Re: python again (was: Bug#225999: ITP: debsync -- installed packages synchronization tool)
ti, 2004-01-06 kello 00:33, Andreas Barth kirjoitti:
> * Matt Palmer (email@example.com) [040105 22:10]:
> > On Mon, Jan 05, 2004 at 08:20:01PM +0100, Andreas Barth wrote:
> > > * Will Lowe (firstname.lastname@example.org) [040105 19:55]:
> > > > But since we allow the user to have several versions on Python on the
> > > > system at the same time
> > > Why is this necessary at all? There is no possiblity to have different
> > > perl versions installed at the same time.
> > Perl has some sense of backward compatibility?
> If this questions should mean that Python has not, than Python is
> fundamentaly broken, and using Python anywhere important would mean an
> error. Thanks for clarification.
Indeed. I have a package in the Debian archive, enemies-of-carlotta,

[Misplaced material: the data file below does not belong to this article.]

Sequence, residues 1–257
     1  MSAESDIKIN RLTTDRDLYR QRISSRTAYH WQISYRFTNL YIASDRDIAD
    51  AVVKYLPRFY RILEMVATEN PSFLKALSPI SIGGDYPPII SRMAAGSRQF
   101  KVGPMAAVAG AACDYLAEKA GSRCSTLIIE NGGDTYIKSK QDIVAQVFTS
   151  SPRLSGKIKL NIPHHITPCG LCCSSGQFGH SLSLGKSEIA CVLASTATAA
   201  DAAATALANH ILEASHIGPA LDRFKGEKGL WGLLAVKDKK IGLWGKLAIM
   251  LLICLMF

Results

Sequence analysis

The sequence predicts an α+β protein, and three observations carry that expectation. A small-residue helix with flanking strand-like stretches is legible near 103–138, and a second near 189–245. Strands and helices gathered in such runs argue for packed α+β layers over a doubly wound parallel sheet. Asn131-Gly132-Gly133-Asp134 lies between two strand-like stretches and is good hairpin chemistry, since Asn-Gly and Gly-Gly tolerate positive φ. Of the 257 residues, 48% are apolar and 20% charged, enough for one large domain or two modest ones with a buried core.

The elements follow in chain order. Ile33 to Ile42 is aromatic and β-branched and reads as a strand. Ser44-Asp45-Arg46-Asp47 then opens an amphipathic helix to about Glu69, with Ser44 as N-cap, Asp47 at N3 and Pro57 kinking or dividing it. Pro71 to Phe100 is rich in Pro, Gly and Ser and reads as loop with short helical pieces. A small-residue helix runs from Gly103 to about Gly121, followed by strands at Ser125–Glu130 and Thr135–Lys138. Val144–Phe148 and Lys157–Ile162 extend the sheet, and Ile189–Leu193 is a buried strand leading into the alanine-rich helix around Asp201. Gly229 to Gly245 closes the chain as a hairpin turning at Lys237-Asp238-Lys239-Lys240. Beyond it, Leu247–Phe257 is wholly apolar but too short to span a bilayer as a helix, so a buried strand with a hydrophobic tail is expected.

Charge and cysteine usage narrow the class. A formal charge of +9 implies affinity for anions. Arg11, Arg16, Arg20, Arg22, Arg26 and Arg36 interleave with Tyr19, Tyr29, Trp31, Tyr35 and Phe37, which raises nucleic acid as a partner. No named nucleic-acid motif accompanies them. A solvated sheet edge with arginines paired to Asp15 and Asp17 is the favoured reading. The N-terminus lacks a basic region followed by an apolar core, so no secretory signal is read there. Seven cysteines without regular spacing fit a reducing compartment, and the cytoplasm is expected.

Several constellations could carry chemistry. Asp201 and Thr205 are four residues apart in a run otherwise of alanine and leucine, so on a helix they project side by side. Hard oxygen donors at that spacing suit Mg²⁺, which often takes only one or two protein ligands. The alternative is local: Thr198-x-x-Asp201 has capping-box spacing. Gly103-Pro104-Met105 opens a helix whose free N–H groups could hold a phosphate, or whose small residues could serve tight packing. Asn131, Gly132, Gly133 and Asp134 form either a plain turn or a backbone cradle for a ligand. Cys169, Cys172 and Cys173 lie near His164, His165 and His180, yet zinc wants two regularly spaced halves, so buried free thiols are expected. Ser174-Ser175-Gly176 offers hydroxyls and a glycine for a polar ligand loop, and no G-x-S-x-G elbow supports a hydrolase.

which works fine with Python 2.1, 2.2, and 2.3. I have every expectation
that it will work fine with future versions of Python as well. I use the
same .deb on machines running woody and sid. Any problems I may have are
not due to Python.
It does compile it's .py files to Python byte code upon installation,
using whatever is the default version on the machine it is installed on.
If the default version later changes, and the new version (which might
be an older version of Python) has an incompatible byte code, nothing
will majorly break: the Python interpreter will ignore a byte code file
for the wrong version and compile things when the program starts up
instead. Program startup will be slightly slower, that is all.
I don't know why it is so problematic to backport Python packages from
sid to woody, since I haven't had such problems. Perhaps Debian's Python
policy needs adjustment to make it easier. I claim, however, that it is
not inherent in either the Python implementation or the Debian Python
policy that such backporting be difficult.
(Incidentally, a major reason to allow several versions of Python on the
same system is specifically to make it easier to test your programs on
several versions of the implementation to make backports *easier*, not